A reading on consumer sentiment from Thomson Reuters and the University of Michigan rose in April to 82.6, which is the highest level since July and up from 80 in the prior month. The index beat economists’ expectations, as Wall Street was looking for a reading of 81.
However, new data from the Labor Department suggest the gains are likely to be short-lived.
Labor reported Friday wholesale prices rose 0.5 percent in March, which was the biggest increase since June, and higher than expectations for a 0.1 percent increase. When Labor excludes the food and energy components, prices rose 0.6 percent, and again wider than the 0.2 percent increase Wall Street expected.
The increase in Labor’s seasonally adjusted producer price index for final demand was the largest in nine months, since March of 2011.
Food prices, alone, sharply increased by 1.1 percent, which is also the largest increase since May. In Feb., prices on food rose 0.6 percent.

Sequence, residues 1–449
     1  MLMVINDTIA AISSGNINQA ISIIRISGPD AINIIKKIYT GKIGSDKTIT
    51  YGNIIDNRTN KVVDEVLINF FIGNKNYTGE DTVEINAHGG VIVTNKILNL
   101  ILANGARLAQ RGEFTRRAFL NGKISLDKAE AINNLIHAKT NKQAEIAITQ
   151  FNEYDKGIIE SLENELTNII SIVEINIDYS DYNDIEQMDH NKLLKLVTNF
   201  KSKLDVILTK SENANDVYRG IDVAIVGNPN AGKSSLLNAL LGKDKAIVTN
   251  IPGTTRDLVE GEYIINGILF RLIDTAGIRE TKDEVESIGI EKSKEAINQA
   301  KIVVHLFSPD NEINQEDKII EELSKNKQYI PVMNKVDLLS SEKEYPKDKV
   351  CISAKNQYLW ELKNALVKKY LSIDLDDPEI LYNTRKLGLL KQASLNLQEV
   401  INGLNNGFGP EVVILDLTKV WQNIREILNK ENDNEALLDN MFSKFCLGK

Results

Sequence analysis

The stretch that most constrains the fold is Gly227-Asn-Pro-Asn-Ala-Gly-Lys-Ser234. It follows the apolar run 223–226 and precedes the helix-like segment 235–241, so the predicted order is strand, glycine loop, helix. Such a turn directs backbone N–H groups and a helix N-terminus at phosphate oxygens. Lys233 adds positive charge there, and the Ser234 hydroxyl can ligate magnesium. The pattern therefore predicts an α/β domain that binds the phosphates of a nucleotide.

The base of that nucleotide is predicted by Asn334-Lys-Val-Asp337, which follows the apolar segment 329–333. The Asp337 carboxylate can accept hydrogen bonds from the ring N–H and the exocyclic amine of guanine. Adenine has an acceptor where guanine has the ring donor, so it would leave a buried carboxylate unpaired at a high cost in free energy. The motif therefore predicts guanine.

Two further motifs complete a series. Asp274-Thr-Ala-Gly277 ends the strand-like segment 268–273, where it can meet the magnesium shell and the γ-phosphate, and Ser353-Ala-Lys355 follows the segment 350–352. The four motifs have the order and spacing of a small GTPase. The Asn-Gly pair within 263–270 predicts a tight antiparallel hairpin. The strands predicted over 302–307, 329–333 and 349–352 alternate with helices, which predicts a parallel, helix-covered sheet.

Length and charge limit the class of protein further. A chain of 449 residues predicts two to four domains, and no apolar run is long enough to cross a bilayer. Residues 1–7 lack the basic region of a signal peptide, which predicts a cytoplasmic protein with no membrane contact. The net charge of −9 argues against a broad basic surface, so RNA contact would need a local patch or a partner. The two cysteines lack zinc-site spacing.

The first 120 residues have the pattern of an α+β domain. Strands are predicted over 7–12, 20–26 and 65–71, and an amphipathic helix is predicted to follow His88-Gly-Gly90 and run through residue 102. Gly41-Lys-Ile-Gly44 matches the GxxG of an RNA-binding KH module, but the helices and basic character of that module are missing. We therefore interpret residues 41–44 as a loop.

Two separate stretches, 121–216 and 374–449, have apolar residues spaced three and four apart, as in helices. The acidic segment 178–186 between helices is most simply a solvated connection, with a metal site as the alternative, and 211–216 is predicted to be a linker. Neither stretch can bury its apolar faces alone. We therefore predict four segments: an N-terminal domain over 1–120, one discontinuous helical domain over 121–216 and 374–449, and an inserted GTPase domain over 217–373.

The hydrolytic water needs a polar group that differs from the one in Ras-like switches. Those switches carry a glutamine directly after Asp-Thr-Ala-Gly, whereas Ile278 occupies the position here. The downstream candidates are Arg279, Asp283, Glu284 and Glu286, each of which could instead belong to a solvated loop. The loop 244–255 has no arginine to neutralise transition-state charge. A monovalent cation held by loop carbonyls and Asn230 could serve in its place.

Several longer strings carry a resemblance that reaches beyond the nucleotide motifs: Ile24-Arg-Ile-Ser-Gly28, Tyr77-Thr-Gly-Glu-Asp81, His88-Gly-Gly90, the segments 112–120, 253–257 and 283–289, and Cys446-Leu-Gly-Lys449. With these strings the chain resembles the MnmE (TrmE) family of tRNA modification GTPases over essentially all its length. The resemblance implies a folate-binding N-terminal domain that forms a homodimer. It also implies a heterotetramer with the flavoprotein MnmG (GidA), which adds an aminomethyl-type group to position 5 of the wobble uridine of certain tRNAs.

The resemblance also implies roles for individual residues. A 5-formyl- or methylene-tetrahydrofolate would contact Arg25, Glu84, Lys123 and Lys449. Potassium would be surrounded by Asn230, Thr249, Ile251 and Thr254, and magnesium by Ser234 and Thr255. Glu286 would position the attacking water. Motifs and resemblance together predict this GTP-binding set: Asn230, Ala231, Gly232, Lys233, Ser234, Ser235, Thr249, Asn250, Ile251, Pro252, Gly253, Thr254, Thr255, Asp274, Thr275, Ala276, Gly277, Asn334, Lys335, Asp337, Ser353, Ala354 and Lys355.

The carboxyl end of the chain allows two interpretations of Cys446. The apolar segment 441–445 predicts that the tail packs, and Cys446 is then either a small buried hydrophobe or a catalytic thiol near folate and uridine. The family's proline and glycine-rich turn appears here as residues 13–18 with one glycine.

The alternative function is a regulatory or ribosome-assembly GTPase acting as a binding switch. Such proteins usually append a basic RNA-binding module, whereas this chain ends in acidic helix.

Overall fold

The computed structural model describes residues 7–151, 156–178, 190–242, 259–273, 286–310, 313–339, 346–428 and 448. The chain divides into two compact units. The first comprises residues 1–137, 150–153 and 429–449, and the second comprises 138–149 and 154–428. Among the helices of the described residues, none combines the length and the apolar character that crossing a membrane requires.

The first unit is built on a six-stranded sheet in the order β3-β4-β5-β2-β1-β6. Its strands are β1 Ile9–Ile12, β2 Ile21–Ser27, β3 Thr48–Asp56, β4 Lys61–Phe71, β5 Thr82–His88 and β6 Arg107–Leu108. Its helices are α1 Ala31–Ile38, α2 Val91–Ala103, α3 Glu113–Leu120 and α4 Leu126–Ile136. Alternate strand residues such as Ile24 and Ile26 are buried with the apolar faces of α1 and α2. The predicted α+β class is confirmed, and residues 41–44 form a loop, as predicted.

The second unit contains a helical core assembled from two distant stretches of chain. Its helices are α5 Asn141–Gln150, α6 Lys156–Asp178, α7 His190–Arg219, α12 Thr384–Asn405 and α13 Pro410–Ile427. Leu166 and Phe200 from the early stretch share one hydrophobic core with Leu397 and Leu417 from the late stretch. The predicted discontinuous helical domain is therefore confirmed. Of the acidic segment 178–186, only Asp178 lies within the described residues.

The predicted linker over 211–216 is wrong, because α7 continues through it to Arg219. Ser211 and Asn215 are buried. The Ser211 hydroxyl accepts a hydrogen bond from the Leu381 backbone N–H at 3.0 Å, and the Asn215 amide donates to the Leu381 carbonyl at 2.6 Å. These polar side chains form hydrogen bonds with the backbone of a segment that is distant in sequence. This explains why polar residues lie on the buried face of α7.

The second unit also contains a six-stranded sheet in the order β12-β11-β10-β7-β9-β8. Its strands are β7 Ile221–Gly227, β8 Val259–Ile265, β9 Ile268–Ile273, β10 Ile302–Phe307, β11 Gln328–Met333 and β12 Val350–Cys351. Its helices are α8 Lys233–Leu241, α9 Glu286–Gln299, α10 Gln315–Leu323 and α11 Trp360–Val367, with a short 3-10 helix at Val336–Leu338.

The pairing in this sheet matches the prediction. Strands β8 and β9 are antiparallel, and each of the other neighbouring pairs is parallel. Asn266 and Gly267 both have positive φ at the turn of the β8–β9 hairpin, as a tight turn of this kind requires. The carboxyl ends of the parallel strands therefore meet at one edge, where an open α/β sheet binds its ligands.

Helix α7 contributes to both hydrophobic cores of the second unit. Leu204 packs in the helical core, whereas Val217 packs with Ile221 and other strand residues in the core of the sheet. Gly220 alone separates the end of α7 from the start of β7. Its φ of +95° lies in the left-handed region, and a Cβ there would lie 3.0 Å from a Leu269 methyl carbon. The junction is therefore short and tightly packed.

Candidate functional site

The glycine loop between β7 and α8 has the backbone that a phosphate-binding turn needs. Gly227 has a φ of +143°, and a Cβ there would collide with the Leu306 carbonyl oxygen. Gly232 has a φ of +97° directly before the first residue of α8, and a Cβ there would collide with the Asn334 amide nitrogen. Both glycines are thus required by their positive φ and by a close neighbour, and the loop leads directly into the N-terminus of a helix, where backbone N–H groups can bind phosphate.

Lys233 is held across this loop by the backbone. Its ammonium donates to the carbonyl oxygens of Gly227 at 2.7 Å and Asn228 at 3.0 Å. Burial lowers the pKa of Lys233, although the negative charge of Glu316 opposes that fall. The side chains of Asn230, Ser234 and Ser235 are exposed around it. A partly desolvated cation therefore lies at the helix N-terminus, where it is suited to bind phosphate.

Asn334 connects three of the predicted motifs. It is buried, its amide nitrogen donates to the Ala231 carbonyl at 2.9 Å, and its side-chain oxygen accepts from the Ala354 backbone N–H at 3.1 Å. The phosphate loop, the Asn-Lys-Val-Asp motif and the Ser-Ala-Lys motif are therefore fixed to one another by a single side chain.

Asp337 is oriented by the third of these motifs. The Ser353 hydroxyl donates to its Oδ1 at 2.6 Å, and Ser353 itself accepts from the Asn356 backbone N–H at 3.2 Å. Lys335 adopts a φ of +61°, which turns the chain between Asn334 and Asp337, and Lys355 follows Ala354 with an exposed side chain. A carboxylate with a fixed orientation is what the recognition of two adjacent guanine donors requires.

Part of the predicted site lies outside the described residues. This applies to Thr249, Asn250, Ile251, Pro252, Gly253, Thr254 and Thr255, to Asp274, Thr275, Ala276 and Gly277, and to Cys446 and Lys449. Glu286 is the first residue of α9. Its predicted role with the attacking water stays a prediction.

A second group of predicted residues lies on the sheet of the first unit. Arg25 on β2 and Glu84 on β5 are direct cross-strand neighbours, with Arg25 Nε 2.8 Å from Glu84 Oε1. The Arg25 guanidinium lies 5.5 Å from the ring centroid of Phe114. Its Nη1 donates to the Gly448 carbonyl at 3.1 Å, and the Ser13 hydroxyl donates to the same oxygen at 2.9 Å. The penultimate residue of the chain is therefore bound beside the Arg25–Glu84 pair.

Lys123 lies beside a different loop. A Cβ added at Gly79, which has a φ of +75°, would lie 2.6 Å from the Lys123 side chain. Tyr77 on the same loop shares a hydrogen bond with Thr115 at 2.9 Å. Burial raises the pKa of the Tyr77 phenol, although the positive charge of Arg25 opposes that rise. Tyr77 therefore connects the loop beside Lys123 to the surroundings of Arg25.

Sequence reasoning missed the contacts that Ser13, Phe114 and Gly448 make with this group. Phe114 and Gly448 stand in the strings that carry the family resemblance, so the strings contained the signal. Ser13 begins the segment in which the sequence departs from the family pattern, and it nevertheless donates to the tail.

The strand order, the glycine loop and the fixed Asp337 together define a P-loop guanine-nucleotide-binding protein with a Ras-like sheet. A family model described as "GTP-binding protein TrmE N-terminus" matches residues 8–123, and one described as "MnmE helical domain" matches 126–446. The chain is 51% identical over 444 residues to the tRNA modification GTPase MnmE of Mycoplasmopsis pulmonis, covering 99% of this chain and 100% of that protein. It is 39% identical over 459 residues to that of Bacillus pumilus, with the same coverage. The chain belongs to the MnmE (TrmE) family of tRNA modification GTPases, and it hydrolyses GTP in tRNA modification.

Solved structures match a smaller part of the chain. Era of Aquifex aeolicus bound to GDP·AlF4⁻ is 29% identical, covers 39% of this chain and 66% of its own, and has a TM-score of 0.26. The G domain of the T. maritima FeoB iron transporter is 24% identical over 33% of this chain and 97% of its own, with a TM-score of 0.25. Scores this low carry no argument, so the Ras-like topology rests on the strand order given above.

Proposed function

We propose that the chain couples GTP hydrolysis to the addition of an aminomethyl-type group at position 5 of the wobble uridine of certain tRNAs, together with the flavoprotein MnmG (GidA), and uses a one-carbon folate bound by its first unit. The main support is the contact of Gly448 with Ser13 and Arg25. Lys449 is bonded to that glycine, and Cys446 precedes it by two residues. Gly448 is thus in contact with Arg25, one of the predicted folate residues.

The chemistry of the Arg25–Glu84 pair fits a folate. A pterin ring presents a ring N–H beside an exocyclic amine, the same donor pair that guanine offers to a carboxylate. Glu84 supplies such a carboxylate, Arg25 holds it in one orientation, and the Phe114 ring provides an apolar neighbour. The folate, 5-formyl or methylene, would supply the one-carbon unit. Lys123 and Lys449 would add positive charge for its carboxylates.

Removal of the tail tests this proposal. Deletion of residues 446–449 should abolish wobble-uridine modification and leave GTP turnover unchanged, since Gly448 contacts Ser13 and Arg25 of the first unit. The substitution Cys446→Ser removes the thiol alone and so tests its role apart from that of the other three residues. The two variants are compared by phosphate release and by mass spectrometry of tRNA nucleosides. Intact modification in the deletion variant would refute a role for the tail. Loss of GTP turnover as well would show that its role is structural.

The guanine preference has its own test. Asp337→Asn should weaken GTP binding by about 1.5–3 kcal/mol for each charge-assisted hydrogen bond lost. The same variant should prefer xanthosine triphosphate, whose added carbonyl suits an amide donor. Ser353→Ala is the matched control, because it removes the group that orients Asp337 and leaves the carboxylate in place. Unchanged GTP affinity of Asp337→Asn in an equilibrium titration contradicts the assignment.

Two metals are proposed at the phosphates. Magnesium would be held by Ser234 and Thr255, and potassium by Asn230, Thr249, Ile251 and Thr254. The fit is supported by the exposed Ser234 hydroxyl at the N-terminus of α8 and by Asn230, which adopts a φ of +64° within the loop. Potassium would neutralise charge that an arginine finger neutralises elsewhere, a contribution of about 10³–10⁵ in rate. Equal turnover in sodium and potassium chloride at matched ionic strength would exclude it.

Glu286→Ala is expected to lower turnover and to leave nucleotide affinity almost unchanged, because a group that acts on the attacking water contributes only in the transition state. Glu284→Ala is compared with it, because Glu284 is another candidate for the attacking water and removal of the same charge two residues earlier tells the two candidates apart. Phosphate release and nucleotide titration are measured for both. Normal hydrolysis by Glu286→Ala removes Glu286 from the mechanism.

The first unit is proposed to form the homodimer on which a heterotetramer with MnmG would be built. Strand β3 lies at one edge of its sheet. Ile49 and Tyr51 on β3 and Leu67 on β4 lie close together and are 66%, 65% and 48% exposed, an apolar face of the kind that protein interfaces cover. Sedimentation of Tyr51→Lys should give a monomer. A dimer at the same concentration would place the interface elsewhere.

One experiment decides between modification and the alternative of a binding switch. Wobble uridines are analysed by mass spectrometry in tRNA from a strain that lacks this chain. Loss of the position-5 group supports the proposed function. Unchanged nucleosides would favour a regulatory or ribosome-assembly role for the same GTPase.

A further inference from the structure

The food price increase was fueled by a significant increase in the cost of pork, which rose by the largest margin since August of 2008. In fact, sausage, deli meat and boxed meat prices rose by the most since August 1980.
Food prices have now risen for a third straight month, an unmistakable trend whether short-term or not.
Meanwhile, energy prices dropped by 1.2 percent, the largest decline in nearly a year and hopefully enough to offset some consumer price pressure. Services for final demand spiked 0.7 percent, the largest gain since January 2010, after falling 0.3 percent in February.
In the 12 months through March, producer prices advanced 1.4 percent after rising 0.9 percent in February.
When excluding volatile food and energy costs, producer prices increased by 0.6 percent, which, too, was the biggest gain since March of 2011. The so-called core PPI for final demand fell 0.2 percent in the prior month of February.
In the 12 months through March, core PPI for final demand rose 1.4 percent after increasing 1.1 percent in February.